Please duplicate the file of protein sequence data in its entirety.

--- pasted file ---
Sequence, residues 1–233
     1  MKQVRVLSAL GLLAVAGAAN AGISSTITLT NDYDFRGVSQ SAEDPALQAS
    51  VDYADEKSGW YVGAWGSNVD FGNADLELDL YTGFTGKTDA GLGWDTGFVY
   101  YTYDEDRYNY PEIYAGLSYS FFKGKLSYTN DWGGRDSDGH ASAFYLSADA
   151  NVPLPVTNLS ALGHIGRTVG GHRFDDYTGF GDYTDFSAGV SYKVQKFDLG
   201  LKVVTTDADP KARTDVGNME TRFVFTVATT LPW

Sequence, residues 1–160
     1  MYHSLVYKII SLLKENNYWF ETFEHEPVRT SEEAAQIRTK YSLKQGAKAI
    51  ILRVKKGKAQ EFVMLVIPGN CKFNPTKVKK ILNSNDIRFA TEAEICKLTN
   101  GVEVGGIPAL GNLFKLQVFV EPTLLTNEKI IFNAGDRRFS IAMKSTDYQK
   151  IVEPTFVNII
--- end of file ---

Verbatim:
Sequence, residues 1–233
     1  MKQVRVLSAL GLLAVAGAAN AGISSTITLT NDYDFRGVSQ SAEDPALQAS
    51  VDYADEKSGW YVGAWGSNVD FGNADLELDL YTGFTGKTDA GLGWDTGFVY
   101  YTYDEDRYNY PEIYAGLSYS FFKGKLSYTN DWGGRDSDGH ASAFYLSADA
   151  NVPLPVTNLS ALGHIGRTVG GHRFDDYTGF GDYTDFSAGV SYKVQKFDLG
   201  LKVVTTDADP KARTDVGNME TRFVFTVATT LPW

Sequence, residues 1–160
     1  MYHSLVYKII SLLKENNYWF ETFEHEPVRT SEEAAQIRTK YSLKQGAKAI
    51  ILRVKKGKAQ EFVMLVIPGN CKFNPTKVKK ILNSNDIRFA TEAEICKLTN
   101  GVEVGGIPAL GNLFKLQVFV EPTLLTNEKI IFNAGDRRFS IAMKSTDYQK
   151  IVEPTFVNII